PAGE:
The term, “jurisprudence” is a portmanteau of the Latin words, “ius” and “prudentia.” Langenscheidt’s pocket Latin dictionary uses “law,” “justice,” “permission,” “liberty,” and “authority” to describe “ius” and “foreseeing,” “knowledge,” and “discretion” as definitions for “prudentia.” Thus, jurisprudence is literally an understanding of the law. As it functions in modern American society, jurisprudence has four primary definitions: “the science or philosophy of law,” “a body or system of laws,” “a department of law,” and, in civil law, “decisions of courts, especially of reviewing tribunals”—in short, “a catchall term for entire subject of law, the study of law and legal questions.”
Positivist jurisprudence posits that the only valid law is expressly written law and that ideas of universal morality should not come into play when interpreting laws (predictably, positivists promote judicial restraint); whereas naturalist jurisprudence proposes that all law is based on a natural morality that is intuitive to all humans.
Medical jurisprudence is a field of study that relates the practice of medicine to the practice of law, especially in the realm of forensics. DNA evidence is gathered from crime scenes, autopsies are conducted, and paternity tests are carried out under the umbrella of medical jurisprudence. When blood spatters are found on a murder scene, medical forensic experts determine who it belonged to and how it was shed in order to determine how the crime was committed. Blood under the fingernails of the victim may also incriminate a suspect. The manner in which this evidence is gathered influences its admissibility in a court of law.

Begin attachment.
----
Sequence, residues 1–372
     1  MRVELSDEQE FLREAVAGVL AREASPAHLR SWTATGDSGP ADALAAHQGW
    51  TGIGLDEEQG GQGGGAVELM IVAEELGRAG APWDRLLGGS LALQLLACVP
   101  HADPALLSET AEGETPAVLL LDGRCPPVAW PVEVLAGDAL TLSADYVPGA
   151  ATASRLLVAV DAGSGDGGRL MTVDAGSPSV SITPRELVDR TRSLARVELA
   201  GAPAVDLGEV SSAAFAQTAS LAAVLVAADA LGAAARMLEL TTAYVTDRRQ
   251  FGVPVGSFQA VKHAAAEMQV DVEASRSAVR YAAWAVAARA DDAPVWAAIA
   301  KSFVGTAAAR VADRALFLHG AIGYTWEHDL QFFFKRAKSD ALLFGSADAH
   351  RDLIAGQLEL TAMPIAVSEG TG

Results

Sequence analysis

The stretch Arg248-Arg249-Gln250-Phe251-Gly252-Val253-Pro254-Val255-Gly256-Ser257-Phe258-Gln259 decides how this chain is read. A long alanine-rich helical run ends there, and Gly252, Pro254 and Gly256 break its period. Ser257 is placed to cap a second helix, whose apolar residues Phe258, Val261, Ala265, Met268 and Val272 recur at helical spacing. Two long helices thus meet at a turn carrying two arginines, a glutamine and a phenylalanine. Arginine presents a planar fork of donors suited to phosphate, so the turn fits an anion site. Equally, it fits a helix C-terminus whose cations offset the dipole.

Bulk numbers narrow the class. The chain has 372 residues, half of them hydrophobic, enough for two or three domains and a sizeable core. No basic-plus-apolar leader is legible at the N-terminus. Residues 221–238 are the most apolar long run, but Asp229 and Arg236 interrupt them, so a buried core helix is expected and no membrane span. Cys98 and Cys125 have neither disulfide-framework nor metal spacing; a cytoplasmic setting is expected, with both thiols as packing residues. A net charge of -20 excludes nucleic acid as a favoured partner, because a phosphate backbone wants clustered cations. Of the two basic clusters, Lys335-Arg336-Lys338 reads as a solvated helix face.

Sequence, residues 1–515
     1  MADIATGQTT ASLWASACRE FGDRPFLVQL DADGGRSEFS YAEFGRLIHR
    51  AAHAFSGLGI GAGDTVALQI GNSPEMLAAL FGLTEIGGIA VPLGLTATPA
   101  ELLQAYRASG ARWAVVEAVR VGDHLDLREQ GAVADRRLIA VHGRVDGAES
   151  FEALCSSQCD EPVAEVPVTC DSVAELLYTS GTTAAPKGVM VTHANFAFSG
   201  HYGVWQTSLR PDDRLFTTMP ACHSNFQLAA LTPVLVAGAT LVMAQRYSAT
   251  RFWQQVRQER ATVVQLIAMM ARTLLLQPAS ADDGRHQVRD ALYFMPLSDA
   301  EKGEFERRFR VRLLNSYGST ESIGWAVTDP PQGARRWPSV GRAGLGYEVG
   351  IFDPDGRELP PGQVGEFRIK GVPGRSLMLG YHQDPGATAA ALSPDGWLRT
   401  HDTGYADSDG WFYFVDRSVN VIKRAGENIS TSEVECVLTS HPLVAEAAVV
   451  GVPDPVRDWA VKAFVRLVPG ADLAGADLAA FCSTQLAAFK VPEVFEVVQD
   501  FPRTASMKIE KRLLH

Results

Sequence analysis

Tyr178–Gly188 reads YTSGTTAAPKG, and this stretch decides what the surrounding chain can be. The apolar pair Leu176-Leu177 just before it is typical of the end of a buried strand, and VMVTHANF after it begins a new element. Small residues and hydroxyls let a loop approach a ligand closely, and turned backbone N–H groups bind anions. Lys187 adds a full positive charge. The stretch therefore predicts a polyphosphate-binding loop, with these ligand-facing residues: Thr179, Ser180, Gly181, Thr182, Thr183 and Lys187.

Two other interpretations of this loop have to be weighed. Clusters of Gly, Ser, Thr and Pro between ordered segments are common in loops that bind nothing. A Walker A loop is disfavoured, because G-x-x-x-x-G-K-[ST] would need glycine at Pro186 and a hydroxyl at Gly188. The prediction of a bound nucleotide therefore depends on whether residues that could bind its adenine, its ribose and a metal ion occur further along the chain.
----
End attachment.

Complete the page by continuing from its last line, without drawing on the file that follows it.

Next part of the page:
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There are four main fields of jurisprudence: the aforementioned positivism and naturalism, formalism, and realism. Formalism is the belief that law stands apart from other institutions and should be interpreted and applied without regard to public policy and the long-term consequences of the case at hand. Realism is the diametrical opposite (i.e., the belief that court rulings should be made with respect to their effect on society at large).
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